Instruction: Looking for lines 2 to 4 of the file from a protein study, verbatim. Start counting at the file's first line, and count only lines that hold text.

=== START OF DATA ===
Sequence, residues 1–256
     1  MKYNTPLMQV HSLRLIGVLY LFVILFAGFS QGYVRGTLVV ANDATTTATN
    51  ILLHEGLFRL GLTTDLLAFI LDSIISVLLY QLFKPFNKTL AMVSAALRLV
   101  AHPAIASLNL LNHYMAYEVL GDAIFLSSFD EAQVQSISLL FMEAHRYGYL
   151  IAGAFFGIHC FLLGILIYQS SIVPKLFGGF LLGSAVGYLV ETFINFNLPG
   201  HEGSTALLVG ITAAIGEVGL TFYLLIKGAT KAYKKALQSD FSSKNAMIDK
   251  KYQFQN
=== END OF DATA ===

     1  MKYNTPLMQV HSLRLIGVLY LFVILFAGFS QGYVRGTLVV ANDATTTATN
    51  ILLHEGLFRL GLTTDLLAFI LDSIISVLLY QLFKPFNKTL AMVSAALRLV
   101  AHPAIASLNL LNHYMAYEVL GDAIFLSSFD EAQVQSISLL FMEAHRYGYL